So, don’t rely on mistaken beliefs and hope that your spouse won’t show up. This risky and foolish decision can result in a conviction. Rather than leaving things to chance, hire a criminal defense lawyer without delay.

Document Your Injuries if Any

It’s not uncommon that defendants in domestic violence cases are actually the victims, and they also suffer injuries. Defensive wounds may include lacerations, bruises, scratch marks, and bite wounds. The police officers often make assumptions when arriving on the scene, which results in a false arrest or wrongful imprisonment.

It is extremely important that you properly document your injuries after the incident. That said, take photos of your injuries from different angles. Zoom in to capture close-up pictures and take a few full-body photos as well. You are advised to save photos to a flash drive or CD. These pictures can make it easier for you to fight the charges and defend your case.

Follow a Court Order

The judges may issue emergency protective orders (EPO) in some cases to keep victims safe until a permanent order takes effect. When it comes to violence against women, an emergency protective order is particularly useful if the victim fears the immediate danger to herself or her children.

It can require the defendant to stay a certain distance away from the victim and a house where they both live. Furthermore, the offender will not be able to enter his home to pick up personal items or some clothes. An emergency protective order can also prohibit the offender from contacting the victim in any way, including phone calls, emails, and textual messages.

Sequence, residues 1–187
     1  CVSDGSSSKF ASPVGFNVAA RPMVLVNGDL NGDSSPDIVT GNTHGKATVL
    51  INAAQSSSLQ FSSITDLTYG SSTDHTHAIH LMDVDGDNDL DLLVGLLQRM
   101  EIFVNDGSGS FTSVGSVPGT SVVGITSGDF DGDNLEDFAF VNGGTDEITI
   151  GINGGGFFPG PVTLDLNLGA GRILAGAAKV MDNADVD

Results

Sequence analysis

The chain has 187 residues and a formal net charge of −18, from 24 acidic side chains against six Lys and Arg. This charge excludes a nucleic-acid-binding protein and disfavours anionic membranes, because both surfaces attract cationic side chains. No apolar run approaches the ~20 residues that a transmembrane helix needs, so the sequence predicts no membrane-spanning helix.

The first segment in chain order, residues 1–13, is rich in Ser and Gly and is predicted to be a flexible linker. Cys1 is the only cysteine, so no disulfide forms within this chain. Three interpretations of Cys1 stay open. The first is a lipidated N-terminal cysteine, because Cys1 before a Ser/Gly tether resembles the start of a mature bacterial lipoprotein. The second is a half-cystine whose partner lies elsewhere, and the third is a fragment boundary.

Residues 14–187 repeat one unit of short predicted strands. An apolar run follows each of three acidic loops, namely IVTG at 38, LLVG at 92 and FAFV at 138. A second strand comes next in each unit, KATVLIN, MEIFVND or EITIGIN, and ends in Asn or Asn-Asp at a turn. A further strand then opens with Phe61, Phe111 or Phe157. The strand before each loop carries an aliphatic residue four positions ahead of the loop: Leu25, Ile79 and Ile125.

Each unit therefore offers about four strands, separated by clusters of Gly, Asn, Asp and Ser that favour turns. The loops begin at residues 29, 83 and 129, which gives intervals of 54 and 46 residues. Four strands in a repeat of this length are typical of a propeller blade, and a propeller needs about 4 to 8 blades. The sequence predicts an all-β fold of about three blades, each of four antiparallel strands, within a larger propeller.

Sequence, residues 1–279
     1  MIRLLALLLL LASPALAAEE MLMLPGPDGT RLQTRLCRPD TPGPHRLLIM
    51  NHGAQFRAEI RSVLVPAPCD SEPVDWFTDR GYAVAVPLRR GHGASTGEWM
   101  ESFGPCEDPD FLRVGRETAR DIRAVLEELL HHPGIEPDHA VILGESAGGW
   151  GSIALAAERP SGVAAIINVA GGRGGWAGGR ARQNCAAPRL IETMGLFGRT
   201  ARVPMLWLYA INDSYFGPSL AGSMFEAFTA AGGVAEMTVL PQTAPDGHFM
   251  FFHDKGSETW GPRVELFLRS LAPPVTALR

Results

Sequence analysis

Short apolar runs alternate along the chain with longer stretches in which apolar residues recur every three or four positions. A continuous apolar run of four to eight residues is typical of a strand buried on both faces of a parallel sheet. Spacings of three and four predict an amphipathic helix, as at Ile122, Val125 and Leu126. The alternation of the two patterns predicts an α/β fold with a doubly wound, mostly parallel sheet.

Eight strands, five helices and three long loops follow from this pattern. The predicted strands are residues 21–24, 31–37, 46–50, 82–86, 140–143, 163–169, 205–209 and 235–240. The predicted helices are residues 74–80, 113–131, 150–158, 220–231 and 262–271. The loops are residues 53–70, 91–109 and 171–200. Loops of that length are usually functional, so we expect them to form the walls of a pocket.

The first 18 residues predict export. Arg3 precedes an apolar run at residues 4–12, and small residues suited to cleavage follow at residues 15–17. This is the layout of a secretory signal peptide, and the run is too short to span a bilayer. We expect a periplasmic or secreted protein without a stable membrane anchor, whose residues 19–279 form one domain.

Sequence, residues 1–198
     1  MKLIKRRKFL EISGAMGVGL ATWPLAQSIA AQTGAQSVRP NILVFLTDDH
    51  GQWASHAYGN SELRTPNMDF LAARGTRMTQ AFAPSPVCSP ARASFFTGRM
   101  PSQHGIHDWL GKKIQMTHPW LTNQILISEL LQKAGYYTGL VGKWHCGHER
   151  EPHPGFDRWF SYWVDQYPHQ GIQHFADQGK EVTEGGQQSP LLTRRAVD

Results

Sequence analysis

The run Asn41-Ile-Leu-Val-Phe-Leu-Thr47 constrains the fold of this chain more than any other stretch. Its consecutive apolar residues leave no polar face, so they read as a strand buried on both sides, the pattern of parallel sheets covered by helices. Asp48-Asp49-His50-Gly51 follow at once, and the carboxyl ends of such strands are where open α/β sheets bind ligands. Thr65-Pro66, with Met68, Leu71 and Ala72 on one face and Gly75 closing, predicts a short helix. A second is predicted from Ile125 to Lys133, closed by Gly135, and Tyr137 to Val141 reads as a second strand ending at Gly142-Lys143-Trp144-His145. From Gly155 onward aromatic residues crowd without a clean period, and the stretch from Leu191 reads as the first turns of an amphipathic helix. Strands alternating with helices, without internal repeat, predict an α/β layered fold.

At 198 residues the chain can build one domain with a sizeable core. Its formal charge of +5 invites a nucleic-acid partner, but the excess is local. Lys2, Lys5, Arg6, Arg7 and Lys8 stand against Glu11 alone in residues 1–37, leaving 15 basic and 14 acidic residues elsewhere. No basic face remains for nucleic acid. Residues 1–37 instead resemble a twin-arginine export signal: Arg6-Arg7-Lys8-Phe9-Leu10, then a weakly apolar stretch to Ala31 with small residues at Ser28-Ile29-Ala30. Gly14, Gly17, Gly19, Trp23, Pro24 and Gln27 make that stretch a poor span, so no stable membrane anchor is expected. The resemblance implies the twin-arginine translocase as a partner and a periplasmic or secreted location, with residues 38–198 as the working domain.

Be sure to meet all of these requirements and don’t violate the court order by any means, as it will be treated as an additional criminal offense. This can make you face a large fine and serve a jail sentence.

Adhere to All Release Requirements

After being released, you’ll be required by the court to adhere to some conditions. For example, you might be required to attend anger management therapy and alcohol or drug counseling, too. Additionally, you will probably have to refrain from contacting your spouse, i.e. the victim of domestic violence.

By adhering to all the release conditions, you will save yourself the hassle of dealing with additional charges down the road.

Final Word

If you’ve been accused of domestic violence, an attorney can play a vital role in protecting your rights and defending you against a criminal charge. So don’t put off hiring a lawyer to represent you and handle your case. This allows you to get legal representation when facing domestic violence charges.

Just because you’re familiar with the law and court system doesn’t mean you should handle things by yourself. As a defendant, you can’t foresee everything that can happen and be aware of all the factors that come into play. You’ll need someone specializing in domestic violence to represent you in court and support you all the way.

In addition to building your case, an experienced lawyer can ensure a favorable outcome and help you avoid potential penalties like legal ramifications, fines, and jail time. This will save you lots of headaches.